Friday, November 9, 2012

Work In Progress

I'm pretty sure this is a red-tailed hawk, one of the more visible of our local predators.

For those with an interest, here's the current state of my ongoing crisis.

There is a cycle that I've been through a few times on the internet, and it's one I kind of hate. I go into a community when I'm in good spirits, find a few friends, have a decent time, and then when I hit a seasonal mood plunge, I withdraw so as to not spread my bile, and feel odd about returning later.

Right now, I'm going through one of those seasonal bad moods. And I'm supposed to be promoting my Henry stories, currently being released from December House. Here's the first story! Here's today's story! Read them all! As the missus was overheard saying to a friend of hers, "It's weird. They aren't dark at all."

My current mood is on the dark side, but in a sort of good-ish way.

In my current state, normally I'd be prone to major mood swings every couple of days. The kind of thing where if the missus wanted to have me put into care for a while, she could. This year I'm having a much easier time. I've been having wonderful responses from my counseling and personal practices, and as a result I'm much more stable.

The disturbing part of this is that I'm getting a clearer view of the physical and involuntary aspects of my condition, and it's a little spooky. My brain really is weird.

The first major insight was realizing that my mood swings weren't so much chemical as neurological. When they hit, I can go from feeling absolutely wonderful to being overwhelmed by angry misery in seconds. People who have seen the process happen say it's very visible. And it's always felt to me as though someone turned on a tap in my brain and filled my body with unhappiness.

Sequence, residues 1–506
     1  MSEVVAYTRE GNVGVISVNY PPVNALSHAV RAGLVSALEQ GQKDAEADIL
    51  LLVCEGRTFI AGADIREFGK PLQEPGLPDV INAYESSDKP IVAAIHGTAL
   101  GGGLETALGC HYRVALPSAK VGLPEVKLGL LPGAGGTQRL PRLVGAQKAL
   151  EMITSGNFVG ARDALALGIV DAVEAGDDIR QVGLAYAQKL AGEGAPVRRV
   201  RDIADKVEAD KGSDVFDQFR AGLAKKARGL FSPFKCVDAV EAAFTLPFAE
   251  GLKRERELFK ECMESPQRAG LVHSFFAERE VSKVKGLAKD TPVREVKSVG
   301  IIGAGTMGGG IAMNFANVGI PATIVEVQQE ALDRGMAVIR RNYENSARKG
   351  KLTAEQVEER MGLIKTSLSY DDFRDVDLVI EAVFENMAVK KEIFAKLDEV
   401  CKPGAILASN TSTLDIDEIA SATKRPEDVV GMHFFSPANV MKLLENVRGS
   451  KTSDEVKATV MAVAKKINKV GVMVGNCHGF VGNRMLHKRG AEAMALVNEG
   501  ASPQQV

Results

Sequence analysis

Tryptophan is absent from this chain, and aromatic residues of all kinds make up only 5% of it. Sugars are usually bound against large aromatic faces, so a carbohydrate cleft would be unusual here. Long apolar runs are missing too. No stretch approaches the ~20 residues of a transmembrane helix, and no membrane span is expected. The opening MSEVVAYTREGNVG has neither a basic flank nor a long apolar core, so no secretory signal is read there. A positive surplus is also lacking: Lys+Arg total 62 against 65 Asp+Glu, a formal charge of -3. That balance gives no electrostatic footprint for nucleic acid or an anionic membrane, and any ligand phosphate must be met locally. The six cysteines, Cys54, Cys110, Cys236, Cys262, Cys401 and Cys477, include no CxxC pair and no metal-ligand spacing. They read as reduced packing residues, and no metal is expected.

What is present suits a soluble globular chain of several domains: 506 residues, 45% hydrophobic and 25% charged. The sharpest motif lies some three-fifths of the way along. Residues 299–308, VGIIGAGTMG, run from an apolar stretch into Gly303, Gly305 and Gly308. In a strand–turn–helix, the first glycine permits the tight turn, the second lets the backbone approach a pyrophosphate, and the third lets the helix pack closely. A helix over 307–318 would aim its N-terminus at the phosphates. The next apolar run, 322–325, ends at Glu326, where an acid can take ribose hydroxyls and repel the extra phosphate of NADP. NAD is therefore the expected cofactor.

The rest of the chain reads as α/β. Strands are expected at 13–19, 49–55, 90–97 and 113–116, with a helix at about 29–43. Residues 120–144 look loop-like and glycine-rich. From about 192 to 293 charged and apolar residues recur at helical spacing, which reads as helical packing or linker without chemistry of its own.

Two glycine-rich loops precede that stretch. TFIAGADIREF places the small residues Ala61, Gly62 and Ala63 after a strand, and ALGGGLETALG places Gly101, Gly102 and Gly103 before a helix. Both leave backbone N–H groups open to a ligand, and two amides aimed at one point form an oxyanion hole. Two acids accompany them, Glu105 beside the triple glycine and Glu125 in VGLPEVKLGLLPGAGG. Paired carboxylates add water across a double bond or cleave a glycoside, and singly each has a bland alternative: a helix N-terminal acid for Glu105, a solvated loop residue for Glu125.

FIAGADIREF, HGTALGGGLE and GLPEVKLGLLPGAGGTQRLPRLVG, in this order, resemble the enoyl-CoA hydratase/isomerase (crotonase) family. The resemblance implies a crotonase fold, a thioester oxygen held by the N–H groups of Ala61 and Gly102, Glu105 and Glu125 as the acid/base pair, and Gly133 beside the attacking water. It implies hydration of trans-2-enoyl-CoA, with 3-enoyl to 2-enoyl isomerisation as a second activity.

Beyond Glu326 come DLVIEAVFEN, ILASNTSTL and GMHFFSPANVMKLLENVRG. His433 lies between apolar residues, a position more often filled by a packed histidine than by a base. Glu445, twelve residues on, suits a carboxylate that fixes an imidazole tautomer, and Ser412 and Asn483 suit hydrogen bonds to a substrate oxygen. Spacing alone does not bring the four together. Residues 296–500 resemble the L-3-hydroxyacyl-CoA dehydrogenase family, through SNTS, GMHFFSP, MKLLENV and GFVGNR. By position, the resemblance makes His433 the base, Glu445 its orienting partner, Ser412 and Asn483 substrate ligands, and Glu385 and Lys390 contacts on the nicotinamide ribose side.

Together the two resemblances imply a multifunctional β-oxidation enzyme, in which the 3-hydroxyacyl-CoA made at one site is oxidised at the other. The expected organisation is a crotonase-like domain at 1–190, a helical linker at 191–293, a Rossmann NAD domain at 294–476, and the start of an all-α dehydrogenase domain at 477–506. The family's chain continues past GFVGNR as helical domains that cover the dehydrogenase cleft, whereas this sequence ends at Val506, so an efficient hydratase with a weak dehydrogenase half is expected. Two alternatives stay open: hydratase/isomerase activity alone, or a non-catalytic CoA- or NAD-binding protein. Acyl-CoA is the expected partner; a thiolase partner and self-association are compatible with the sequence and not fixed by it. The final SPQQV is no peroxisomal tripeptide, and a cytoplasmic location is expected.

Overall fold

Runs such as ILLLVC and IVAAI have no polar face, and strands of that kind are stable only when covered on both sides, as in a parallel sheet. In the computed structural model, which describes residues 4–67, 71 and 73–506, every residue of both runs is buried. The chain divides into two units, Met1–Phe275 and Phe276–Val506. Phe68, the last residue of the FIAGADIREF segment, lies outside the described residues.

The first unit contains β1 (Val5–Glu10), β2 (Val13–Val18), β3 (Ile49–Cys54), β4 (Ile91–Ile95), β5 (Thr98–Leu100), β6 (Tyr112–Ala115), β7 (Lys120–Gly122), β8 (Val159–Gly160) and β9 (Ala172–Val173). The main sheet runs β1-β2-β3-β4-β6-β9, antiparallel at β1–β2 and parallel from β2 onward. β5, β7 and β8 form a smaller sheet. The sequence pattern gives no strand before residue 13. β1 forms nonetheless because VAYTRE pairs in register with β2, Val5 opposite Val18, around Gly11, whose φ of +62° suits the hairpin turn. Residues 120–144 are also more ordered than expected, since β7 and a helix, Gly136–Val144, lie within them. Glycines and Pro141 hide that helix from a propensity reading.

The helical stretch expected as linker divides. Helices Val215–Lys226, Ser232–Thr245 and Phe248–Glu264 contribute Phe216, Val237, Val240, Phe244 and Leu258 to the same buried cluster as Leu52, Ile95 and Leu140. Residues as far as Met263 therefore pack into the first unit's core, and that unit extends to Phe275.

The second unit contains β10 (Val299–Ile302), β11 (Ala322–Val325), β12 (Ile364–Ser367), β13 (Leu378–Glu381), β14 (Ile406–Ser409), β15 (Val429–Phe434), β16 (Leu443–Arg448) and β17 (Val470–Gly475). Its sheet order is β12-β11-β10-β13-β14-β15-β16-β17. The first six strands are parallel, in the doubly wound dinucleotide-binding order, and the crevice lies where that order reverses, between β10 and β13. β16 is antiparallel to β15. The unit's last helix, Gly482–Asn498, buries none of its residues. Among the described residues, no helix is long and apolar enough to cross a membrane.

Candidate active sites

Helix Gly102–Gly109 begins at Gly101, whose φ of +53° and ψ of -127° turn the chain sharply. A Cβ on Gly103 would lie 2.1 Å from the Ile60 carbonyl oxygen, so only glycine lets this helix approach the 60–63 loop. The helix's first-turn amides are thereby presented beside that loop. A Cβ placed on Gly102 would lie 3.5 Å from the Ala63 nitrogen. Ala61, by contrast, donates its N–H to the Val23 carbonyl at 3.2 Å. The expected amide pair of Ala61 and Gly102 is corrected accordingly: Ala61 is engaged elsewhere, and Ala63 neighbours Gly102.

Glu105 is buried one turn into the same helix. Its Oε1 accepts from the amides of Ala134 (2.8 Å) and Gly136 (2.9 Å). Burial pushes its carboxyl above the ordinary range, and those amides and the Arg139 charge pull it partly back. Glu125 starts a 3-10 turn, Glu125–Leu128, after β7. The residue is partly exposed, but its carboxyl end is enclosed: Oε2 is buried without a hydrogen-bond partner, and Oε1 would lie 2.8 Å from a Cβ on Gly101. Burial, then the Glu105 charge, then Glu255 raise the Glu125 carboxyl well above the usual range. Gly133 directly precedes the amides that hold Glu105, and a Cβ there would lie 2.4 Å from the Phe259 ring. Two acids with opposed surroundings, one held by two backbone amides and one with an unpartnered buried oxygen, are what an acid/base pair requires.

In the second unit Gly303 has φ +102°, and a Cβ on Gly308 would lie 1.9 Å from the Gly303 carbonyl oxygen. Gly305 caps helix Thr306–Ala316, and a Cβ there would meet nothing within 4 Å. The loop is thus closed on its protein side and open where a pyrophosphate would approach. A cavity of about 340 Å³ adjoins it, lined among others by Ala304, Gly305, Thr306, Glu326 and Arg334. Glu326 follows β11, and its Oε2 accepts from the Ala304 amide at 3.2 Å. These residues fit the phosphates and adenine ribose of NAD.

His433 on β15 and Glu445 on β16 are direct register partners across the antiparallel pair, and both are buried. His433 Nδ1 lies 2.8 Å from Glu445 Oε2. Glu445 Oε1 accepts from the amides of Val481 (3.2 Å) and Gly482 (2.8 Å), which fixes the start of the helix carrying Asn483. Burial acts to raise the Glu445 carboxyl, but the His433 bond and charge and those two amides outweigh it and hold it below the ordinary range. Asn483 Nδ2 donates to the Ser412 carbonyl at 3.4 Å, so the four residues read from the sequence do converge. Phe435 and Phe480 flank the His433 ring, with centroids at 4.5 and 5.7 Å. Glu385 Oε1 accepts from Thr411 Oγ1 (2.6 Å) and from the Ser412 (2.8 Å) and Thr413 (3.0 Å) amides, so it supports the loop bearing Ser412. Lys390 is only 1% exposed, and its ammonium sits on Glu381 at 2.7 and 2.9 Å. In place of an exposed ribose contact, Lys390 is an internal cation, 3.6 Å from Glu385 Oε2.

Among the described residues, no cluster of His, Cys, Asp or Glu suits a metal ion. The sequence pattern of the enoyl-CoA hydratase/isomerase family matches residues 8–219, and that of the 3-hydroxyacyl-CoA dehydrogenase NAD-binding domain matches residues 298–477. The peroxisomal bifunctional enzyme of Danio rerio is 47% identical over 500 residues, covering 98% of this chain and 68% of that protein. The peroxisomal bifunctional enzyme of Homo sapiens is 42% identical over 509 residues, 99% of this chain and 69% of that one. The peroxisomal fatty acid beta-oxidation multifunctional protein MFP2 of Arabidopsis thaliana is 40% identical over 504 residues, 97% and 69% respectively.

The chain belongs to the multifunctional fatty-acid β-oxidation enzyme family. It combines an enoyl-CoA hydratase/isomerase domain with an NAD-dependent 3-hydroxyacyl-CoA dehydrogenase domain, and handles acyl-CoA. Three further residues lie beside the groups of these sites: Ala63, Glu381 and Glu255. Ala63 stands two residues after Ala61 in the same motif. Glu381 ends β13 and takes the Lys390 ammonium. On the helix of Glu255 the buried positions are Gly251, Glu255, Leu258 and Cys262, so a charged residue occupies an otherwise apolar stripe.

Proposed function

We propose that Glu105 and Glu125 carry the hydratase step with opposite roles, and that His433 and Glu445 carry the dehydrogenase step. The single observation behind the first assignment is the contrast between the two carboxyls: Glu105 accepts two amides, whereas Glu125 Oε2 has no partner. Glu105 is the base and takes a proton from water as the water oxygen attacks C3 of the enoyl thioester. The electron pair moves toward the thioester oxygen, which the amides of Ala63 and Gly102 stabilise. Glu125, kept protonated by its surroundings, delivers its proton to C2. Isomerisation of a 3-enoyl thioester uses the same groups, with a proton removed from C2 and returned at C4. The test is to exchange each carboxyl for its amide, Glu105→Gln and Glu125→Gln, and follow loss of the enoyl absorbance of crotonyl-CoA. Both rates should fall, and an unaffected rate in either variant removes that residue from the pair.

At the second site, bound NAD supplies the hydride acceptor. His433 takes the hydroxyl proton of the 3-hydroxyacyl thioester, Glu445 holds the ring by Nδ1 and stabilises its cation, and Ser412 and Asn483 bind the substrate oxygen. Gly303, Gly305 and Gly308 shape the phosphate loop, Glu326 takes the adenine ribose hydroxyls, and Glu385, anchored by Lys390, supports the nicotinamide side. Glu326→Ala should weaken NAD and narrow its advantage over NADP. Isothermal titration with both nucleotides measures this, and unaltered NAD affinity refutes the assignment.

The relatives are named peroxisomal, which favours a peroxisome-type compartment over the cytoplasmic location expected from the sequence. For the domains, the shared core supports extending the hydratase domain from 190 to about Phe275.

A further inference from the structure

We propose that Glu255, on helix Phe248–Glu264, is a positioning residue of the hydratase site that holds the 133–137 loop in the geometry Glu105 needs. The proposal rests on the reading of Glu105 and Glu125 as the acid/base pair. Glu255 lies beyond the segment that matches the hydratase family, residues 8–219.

But yesterday morning, as I lay in bed trying to drowse, I was able to pay attention to one of my mood swings as it took hold.

At first, I was worried that I'd left a door open in the studio, and rain might get on the carpet. The contemplation of this unlikelihood (I'd shut the door, I always shut the fucking door) made my heart rate accelerate, and I had to consciously keep from hyperventilating.

So I did what I do these days. I told myself that my panic was more important than anything that caused it, and that calming down was my number one priority. I explained that I had, in fact, shut the damned door, and that my niggling fear of failure was an affectation. I said that even if I did leave the door open and the missus yelled at me, it was still more important for me to calm down and rest now and blow it off later.

So I settled down.

And within minutes, I was thinking about someone who has treated me poorly, and I was starting to get upset about that. But that kind of personal anger is atypical of me -- and it felt as though the emotional upset itself was sniffing around for something that would trigger a panic reaction.

I think that's what was actually happening. And when I addressed that part of myself in words, it backed down.